world. This message cannot be seen by any other
    /emote (or /em)
      USAGE: /emote [mes.]
      -> Sends your PC name and a message as an emote
         within a [Say] radius. This message will not be
         displayed if a PC has their [Emotes] chat filter
         turned on.
    /chatmode (or /cm)
      USAGE: /chatmode [chat_mode]
      -> Changes chat mode default settings. [Shout] will
         be reset after using once. When using [Tell],
         specify a PC name. If you do not specify a chat mode,
         your current settings will be displayed.
      *  Valid chat modes: s, sh, l, p, t [PC_name]
    /nominate (or /propose)
      USAGE: /nominate [chat_mode] "[qst]" "[opt1]" ...
      (up to 8 options)
      -> Asks a question to all PCs within the designated
         chatmode, and give them a variety of answers to
         choose from. The answers can be chosen with the
         /vote command. Acessible chat modes are Say, Shout,
         Party, and Linkshell. You can stop the voting by
         reentering /nominate.
      USAGE: /vote [PC_name] [number]
      -> Answers a question from the /nominate command.
         If a PC name is entered, you will answer that 
         PC's question. If you do not enter a PC name, you
         will answer the most recently asked question.
         If there is no number after /vote, the question
         will be displayed again.
    /volunteer (or /vol)
      -> An exclusive command for volunteers. It cannot
         be used by regular players.
      USAGE: /echo "[mes.]"
      -> Displays a message that only you can see.
      USAGE: /random
      -> Displays a random number between 0 and 999. This
         number can be seen by PCs within the [Say] radius.
      USAGE: /attack [subcommand]
      -> Turns on auto-attack of the selected target on/off.
         Toggles on and off when no subcommand is specified.
      >> Subcommands:
         on    Turn on auto-attack.
         off   Turn off auto-attack.
      USAGE: /attackoff
        -> Cancels auto-attack
    /point                  /bow                    /salute
    /kneel                  /laugh                  /cry
    /no                     /nod                    /yes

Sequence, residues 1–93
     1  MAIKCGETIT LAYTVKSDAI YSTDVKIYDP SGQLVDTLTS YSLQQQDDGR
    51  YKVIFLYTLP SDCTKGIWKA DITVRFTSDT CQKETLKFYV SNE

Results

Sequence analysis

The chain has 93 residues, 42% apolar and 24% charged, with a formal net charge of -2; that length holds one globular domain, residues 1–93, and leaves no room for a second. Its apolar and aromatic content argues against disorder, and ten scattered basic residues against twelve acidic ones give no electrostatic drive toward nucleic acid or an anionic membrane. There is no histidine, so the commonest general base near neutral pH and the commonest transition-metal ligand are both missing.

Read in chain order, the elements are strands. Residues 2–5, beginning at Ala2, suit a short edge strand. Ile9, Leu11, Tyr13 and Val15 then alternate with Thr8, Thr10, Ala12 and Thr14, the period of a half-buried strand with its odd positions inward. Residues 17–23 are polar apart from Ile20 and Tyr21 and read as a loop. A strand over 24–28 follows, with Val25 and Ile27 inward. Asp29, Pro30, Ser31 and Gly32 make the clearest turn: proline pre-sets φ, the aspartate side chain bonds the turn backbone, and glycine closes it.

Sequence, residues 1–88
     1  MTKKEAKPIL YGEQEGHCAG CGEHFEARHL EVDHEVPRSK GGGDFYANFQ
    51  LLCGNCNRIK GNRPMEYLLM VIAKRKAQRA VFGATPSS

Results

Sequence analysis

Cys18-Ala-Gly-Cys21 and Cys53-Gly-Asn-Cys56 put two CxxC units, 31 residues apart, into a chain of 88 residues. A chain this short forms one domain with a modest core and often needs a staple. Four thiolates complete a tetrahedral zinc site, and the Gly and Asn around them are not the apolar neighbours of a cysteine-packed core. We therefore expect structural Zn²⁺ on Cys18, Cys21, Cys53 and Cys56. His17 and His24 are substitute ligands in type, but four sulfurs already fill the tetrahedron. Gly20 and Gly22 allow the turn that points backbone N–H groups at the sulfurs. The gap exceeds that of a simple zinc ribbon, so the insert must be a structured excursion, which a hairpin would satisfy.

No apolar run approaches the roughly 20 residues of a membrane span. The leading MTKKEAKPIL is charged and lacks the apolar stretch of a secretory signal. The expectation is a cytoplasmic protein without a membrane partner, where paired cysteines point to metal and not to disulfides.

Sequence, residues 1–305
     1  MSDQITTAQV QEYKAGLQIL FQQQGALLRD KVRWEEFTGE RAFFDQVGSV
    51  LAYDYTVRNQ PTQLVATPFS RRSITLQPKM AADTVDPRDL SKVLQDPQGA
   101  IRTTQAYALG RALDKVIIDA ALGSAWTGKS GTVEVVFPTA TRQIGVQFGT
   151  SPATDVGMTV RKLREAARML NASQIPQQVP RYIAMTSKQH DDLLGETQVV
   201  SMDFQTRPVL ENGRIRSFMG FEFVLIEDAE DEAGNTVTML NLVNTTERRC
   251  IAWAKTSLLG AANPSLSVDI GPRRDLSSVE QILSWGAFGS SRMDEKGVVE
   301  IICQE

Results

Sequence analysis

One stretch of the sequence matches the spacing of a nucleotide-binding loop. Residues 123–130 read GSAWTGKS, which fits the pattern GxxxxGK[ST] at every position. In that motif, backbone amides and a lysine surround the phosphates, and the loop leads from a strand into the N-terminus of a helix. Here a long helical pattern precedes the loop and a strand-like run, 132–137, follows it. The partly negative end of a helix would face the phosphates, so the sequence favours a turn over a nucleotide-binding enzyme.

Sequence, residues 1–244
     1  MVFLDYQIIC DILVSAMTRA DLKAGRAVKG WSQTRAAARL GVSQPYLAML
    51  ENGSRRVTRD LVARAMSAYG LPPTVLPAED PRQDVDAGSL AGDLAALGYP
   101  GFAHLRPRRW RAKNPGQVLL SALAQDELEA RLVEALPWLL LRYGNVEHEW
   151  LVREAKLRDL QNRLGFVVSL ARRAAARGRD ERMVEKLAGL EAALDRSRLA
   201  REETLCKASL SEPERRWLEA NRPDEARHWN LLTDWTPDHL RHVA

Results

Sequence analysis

/wave                   /goodebye               /farewell
    /welcome                /joy                    /cheer
    /clap                   /praise                 /smile
    /poke                   /slap                   /stagger
    /sigh                   /comfort                /surprised
    /amazed                 /stare                  /blush
    /angry                  /disgusted              /upset
    /muted                  /doze                   /panic
    /grin                   /dance                  /think
    /fume                   /doubt                  /sulk
    /psych                  /huh                    /shocked
      The commands listed above are emotes. For example, /point makes
    your character do a pointing motion. If /point is used without any
    arguments, a message such as:
      "[your character's name] points [direction you're facing]."
    will appear on the log of every PC within [Say] range. These emotes
    can optionally take the argument [target]. So for example, /point <t>
    will cause your character to use a pointing motion and the message:
      "[your character's name] points at [the target]."
    You can also use the option "motion" so that no message such as the
    one above appears, though your character will still do the animation
    associated with that emote. The animation varies on your race, so
    that an female Elvaan using /laugh will have a different animation
    from a male Elvaan or femal Taru, etc.
      You can create your own emote with full animation. For example,
    you can use (for Elvaan females):
      /joy motion
      /wait 1
      /emote slaps the crap out of <t>.
    and target Elvaan males with this emote to get a slapping action
    along with a message saying "[your character's name] slaps the
    crap out of [target]." Of course, this emote macro works well only
    on other tall characters as the motion of /joy makes the female
    Elvaan's hands swing high (i.e. this would look silly used on a